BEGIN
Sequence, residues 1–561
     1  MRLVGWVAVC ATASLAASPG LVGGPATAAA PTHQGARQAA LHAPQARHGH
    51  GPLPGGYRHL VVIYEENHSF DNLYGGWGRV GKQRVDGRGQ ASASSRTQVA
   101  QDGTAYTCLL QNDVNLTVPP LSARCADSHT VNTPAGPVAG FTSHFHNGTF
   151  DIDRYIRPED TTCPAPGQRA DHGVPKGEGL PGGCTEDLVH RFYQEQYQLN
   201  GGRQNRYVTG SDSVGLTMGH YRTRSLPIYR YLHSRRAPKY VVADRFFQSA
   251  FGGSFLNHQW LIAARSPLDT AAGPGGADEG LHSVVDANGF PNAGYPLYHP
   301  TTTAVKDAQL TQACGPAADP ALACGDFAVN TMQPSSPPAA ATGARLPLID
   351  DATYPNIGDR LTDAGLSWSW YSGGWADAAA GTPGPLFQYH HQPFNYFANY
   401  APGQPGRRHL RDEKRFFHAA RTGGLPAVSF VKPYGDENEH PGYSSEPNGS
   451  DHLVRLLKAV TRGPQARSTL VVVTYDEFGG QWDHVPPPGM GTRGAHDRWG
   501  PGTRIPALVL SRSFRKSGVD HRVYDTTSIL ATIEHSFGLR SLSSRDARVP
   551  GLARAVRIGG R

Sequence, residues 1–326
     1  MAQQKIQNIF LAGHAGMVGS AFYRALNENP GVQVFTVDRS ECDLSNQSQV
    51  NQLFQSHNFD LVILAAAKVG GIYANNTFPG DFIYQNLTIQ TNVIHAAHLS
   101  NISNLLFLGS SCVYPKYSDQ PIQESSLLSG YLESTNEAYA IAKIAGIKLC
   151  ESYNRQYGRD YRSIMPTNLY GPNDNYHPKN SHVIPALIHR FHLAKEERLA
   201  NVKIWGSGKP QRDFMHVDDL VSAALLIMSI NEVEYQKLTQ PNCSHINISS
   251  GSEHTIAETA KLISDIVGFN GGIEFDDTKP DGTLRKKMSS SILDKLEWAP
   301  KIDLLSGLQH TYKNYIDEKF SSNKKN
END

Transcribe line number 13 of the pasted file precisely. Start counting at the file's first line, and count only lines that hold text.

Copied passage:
   551  GLARAVRIGG R